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Re: typechecking

From: Dirk Herrmann
Subject: Re: typechecking
Date: Sun, 30 May 2004 10:40:09 +0200
User-agent: Mozilla/5.0 (X11; U; Linux i686; en-US; rv:1.4.2) Gecko/20040220

Han-Wen Nienhuys wrote:

address@hidden writes:
Code like the following:

void f (SCM obj)
 if (obj) {
   /* do something */

is almost always wrong, since what the user typically wants to check is, whether obj is SCM_BOOL_F or not:

It would be interesting to see if we could map the Scheme semantics
(true = !SCM_BOOL_F) to C. That would require mapping SCM_BOOL_F to
(void*)0x0. Is this desirable, and does anyone see a possibility for this?

SCM values, where the 3 least significant bits are zero indicate non-immediates. That is, the SCM value can without any modification be used as a pointer to a scm_t_cell object on the heap. This works, since scm_t_cell has at least 8 bytes and thus the heap is constructed such that all scm_t_cell objects are placed on an address that is a multiple of 8.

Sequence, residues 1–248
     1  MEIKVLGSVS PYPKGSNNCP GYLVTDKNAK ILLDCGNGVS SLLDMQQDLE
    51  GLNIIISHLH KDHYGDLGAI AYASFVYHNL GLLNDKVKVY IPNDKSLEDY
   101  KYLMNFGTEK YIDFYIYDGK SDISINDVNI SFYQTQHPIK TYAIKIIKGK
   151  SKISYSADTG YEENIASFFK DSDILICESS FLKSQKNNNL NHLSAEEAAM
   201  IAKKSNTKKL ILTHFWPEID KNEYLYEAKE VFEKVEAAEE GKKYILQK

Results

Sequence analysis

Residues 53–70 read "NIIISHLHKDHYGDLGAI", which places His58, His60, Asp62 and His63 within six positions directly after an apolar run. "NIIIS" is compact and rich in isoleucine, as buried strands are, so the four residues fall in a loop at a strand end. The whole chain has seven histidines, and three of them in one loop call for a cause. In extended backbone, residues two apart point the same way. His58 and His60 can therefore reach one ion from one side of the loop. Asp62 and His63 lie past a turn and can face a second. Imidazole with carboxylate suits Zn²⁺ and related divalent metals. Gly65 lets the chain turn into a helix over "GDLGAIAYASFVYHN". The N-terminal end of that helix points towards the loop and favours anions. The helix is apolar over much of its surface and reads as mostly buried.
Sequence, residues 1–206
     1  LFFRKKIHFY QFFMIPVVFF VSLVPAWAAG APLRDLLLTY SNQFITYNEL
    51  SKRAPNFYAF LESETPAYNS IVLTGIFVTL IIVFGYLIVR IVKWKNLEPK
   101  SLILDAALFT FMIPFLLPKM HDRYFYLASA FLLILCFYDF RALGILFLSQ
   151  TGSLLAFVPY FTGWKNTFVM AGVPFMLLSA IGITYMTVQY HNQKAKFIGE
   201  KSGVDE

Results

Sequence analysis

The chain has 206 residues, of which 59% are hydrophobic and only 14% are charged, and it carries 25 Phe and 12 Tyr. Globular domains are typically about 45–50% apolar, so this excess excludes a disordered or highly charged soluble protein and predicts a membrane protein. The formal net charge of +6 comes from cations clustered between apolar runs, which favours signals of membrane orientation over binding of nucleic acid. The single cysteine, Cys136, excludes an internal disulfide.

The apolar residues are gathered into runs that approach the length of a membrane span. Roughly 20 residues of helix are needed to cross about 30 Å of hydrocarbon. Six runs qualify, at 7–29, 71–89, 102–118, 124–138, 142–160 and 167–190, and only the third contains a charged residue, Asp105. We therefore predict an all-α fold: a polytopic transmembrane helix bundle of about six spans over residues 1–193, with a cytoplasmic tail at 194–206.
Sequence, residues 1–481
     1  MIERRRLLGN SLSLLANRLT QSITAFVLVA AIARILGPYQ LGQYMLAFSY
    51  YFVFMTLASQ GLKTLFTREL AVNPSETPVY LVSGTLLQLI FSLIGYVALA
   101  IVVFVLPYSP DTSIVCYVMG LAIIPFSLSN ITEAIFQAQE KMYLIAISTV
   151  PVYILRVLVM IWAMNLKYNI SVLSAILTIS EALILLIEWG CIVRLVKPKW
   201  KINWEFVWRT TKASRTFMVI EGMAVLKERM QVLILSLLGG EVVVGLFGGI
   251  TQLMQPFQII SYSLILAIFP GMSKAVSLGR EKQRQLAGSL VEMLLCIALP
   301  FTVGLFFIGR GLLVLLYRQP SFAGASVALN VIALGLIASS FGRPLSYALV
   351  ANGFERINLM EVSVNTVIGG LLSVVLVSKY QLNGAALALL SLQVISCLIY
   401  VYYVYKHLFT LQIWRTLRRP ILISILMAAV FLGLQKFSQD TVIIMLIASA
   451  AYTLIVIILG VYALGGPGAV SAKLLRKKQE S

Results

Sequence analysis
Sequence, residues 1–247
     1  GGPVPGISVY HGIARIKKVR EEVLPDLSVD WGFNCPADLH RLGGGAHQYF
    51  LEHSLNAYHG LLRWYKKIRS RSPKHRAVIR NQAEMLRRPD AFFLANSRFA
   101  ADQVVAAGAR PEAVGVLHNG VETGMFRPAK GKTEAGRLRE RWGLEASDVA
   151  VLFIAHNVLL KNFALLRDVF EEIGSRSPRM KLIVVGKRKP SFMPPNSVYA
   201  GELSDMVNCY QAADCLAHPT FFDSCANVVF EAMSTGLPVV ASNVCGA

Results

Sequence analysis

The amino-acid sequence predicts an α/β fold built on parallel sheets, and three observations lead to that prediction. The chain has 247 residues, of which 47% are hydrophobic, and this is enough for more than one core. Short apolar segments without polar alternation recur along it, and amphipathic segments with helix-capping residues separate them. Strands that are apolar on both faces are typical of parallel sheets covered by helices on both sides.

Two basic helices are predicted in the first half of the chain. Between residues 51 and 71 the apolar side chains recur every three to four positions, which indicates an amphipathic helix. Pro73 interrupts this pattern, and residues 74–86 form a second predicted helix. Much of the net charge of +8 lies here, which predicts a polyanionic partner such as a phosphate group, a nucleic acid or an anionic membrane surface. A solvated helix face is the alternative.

SCM_BOOL_F on the contrary is an immediate value. To make SCM_BOOL_F == 0x00 would require either to introduce it as a special case and leave otherwise the definitions of non-immediates the same, or to change the type system such that non-immediates are characterised differently. Both solutions, however, would require to perform some operation on every access to the heap. On the contrary, they would make all comparisons against SCM_BOOL_F very simple and also help to avoid some errors.

The effects of such a change are difficult to predict. It may be that it is not too much effort to try it out (at least the special case solution), if everywhere the correct access macros are used (SCM_IMP, SCM_FALSEP, ...). Then, for a try you would only have to change those.

Best regards

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